The only hope for his family was for them also to enter the U.S. as “humanitarian parolees” and then to apply for asylum. To enter in this way, each family member would require an “economic sponsor” (an individual or organization that guarantees the family will not become a “public charge”). Working in consultation with Episcopal Migration Ministries, the IWC learned how STMAA as a church could become an economic sponsor. After researching and discussing what this entailed, the IWC approached the STMAA Vestry with a proposal for the church to become the sponsors of Freddy’s immediate family. The Vestry unanimously gave their approval, and the wheels went into motion.
Freddy was ready! With the needed documents and information in hand, members of the IWC worked with Padre Beto to complete the applications for Freddy’s wife and three children. Due to the unique circumstances of the Nicaraguan 222, the U.S. State Department expedited the applications, and their travel visas were approved in record time. Within three weeks of submitting their applications, Freddy was reunited at the Portland Airport with his family and able to hug them all for the first time since his arrest almost a year before.
Freddy and his family, reunited for the first time since his politically motivated imprisonment in Nicaragua, have been warmly welcomed by the people and clergy of STMAA. Padre Beto Arciniega (left) and Rector Scott Painter (right), as well as John Scannell, rector emeritus (far right), greet the family at recent services.
Freddy, his wife, and their three children (two young adults and a teenager) have already overcome many hardships. But the hardest part is yet to come. Freddy and his family left everything behind in Nicaragua: family, friends, pets, their home, jobs, school, and so much more. With only what they could fit into two suitcases each, they now must make a home for themselves in a place where they do not speak the language and where the customs and lifestyle are very different. The IWC is grateful for the support of the Vestry, who agreed to sponsor Freddy’s family and to allow them to live temporarily in St. Michael’s House, a multi-purpose structure on the grounds of the church, as they begin the complicated process of finding jobs, finding a new place to live and acclimating to a new environment.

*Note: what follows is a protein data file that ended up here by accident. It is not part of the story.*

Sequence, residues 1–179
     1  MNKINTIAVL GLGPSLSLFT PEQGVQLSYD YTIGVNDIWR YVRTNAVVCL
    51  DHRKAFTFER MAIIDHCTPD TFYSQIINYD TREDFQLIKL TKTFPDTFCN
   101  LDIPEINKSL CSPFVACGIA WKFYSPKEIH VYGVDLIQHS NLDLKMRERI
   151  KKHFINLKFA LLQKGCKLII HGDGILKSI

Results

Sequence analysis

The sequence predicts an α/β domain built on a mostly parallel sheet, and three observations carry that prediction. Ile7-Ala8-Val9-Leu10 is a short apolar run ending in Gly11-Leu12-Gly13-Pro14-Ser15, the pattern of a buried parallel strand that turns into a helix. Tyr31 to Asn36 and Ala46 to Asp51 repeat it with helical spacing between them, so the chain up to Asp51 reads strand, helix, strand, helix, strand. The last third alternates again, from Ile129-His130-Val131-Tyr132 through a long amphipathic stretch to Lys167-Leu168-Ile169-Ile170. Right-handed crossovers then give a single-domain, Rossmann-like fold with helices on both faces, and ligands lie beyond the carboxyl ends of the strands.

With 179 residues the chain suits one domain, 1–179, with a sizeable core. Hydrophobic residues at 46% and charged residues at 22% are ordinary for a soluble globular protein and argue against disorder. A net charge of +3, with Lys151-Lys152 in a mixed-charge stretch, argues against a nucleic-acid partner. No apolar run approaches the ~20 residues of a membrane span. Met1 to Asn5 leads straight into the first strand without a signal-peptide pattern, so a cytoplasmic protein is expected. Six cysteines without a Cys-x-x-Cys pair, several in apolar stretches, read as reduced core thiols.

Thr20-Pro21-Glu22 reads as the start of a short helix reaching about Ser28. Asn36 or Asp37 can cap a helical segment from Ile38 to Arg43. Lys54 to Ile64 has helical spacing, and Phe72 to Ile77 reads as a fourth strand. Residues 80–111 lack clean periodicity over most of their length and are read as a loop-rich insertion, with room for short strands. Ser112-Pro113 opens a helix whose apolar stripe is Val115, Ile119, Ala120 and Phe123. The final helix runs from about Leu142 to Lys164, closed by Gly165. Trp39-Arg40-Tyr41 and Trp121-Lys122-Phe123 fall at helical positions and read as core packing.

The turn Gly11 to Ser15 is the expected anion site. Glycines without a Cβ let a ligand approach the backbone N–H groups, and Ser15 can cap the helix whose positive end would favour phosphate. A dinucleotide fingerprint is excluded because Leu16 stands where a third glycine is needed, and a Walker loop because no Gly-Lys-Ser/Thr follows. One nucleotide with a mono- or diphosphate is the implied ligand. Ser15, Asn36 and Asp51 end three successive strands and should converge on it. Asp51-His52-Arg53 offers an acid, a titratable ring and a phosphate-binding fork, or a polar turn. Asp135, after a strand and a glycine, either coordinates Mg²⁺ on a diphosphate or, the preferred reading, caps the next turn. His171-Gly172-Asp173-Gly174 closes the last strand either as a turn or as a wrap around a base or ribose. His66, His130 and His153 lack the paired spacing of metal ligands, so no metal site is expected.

We ask that you pray for Freddy and his family during this challenging time. The IWC has established a Resettlement Fund not only to help Freddy’s family to get settled but to support future families seeking asylum. If you would like to make a cash contribution specifically to the Resettlement Fund, you may do so by check (please clearly note “resettlement fund” in the memo line) or online at the STMAA website (see “support our ministries”). An anonymous donor has generously offered to match the first $7,500 in donations made to this fund.
For more information regarding the Resettlement Fund or other ways to support Freddy’s family, please contact Beth Ilem at [email protected] .
Interested in welcoming a refugee or asylum-seeking family to your community? Learn more and take EMM’s Welcome Assessment here.